Wilderer Fynbos Gin
Wilderer Distillery’s early years read like the blurb on a madcap romcom from the mid-nineties. In 1994, fatigued German restaurateur Helmut Wilderer won a once in a lifetime trip to America as a golf prize, but swapped it out for a trip to South Africa. Alcohol production was under a state monopoly at the time, but nonetheless he was surprised by the lack of grappa or eaux de vie being produced locally.
Helmut’s trip came just before SA held its first election, but a flame was sparked in him and once the country became a democracy, he – on a bit of a whim – applied for a distilling license. He didn’t expect to hear back at all, so imagine his surprise when, just a few weeks later, he got the go ahead. A mere six months after that, the then 55-year-old packed his belongings, and he and his 14-year-old son took off for the sun.
Christian, explaining the magnitude of the late, great Helmut’s actions, said: “He knew nothing about distilling… there were many courses in Austria and Germany, lots of books, endless trial and error and tremendous passion. We were South Africa’s first private distillery, and today are still South Africa’s most awarded distillery.”
The idea to expand the Wilderer range into Gin came in 2013. “I came across a Gin bar in Germany in 2013,” Christian said. “I didn’t think much of it… actually, I thought it was quite silly! I wasn’t a Gin drinker at all, but I continued to see the trend strengthening – especially in the UK – and I was convinced it was the next big thing for South Africa.” Helmut was equally un-fussed. “It took me a long time to convince my dad to make a Gin, and took him even longer to come out with the final recipe.”
There seemed little point in making a South African gin that didn’t have a local twang, so the Wilderer Distillery team – including distiller Johan Monnig – got to work exploring the fynbos that lines the Western Cape of South Africa. In total, there are 27 botanicals in the gin, including several strains of fynbos, such as buchu, honeybush, wild dagga, Devil’s claw and sceletium. All of the gin’s botanicals are grown on the grounds of their estate, or supplied by a company that sustainably harvests across the Table Mountain area.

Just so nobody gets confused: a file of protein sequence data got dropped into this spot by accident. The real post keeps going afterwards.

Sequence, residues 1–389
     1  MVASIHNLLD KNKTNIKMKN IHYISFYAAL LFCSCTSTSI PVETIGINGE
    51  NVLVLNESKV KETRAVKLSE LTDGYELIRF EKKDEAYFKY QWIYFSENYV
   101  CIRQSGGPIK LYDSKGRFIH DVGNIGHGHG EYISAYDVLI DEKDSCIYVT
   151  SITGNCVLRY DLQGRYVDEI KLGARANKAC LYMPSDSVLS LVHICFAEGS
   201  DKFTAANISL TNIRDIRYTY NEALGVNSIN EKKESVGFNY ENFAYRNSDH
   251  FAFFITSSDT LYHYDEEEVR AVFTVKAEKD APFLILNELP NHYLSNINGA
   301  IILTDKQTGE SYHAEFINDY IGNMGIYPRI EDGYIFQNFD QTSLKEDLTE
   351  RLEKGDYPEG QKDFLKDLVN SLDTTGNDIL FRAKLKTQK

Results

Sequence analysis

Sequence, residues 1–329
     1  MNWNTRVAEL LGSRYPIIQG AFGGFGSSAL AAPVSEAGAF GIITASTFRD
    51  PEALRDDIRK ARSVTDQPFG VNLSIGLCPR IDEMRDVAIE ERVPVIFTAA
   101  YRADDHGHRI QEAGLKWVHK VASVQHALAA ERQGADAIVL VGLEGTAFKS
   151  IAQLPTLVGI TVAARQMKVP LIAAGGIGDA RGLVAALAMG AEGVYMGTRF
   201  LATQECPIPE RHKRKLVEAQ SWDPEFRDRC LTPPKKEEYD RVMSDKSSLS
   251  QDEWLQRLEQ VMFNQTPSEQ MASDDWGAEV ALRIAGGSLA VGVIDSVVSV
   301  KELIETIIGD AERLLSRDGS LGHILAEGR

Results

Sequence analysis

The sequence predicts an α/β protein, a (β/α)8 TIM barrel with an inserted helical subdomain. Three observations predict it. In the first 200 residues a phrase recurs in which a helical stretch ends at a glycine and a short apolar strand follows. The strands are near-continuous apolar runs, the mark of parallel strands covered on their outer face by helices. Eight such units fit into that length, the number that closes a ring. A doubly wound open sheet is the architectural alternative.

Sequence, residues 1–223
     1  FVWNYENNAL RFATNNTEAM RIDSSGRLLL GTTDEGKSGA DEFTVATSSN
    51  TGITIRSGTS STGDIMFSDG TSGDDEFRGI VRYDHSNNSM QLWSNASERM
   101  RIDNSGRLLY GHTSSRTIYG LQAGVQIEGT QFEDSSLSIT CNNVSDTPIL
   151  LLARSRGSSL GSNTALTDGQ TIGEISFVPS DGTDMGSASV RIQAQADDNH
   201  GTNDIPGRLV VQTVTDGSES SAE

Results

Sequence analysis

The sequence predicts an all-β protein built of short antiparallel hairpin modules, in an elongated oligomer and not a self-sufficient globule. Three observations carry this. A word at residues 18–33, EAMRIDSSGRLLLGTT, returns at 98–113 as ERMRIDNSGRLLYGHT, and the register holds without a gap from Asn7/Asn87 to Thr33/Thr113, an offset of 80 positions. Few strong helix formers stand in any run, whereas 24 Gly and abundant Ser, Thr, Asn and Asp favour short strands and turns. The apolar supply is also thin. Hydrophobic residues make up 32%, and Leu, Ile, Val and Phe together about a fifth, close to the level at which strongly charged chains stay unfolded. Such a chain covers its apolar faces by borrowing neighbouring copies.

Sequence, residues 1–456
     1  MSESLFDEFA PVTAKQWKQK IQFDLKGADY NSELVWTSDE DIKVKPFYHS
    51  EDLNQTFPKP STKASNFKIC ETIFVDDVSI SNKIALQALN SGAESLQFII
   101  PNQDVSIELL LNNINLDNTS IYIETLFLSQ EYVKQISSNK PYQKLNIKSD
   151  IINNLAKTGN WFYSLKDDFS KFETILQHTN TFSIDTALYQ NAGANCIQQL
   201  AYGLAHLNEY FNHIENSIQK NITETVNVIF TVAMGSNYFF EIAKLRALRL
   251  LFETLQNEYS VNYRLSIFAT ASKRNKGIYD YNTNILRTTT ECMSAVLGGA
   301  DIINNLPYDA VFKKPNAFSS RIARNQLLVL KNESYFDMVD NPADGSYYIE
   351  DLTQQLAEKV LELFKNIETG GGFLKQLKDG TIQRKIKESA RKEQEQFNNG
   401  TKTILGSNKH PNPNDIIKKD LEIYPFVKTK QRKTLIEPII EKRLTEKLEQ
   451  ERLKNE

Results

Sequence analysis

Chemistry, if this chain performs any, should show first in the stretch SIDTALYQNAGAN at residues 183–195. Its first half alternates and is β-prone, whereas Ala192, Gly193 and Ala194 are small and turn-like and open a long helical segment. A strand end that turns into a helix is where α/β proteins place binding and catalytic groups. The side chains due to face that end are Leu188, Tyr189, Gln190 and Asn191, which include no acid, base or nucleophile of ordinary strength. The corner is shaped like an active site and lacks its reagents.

Describing the botanical makeup, Monnig said: “Instead of focusing on one or two botanicals, our gin conveys the balanced complexity of the fynbos biome with many dynamics coming together in harmony. We want our gin to represent fynbos and at the same time create an appreciation and international awareness for the wonderful floral kingdom.
It took two years in total to develop the recipe. The team began with a library of 44 distillates, creating blends that they’d nose and taste until they had a gin they were totally, completely happy with; one in which the ingredients complemented and accentuated each other.
The botanicals are weighed and prepared way ahead of distillation, then added to a porous bag and put through a double extraction technique. The first occurs when the bag is placed in a diluted wine derived spirit and left to macerate. The resulting spirit is then cut with more diluted alcohol and added to the still, with the porous bag now hung inside for vapour extraction. Each run takes around three hours, producing enough liquid for around 110 bottles.
Wilderer Fynbos Gin to taste…
Wilderer Fynbos Gin is overwhelmingly medicinal to nose, with the fynbos bringing floral undertones and anise qualities not dissimilar to off-brand cough medicine. Despite its exotic make up, there is something oddly familiar about the smell; a hint of orris, perhaps, and the vague sense of a rapeseed meadow on a warm spring day.
To taste, the aniseed aspect comes across stronger. It reminds us of those thick, chewy liquorice sweets, something akin to a Fisherman’s Friend, but the citrus notes prevent it from becoming full blown. It’s richly herbal and definitely savoury, with a hint of fresh spice that leaves behind that familiar fynbos led aftertaste (think floral and a touch of eucalyptus) .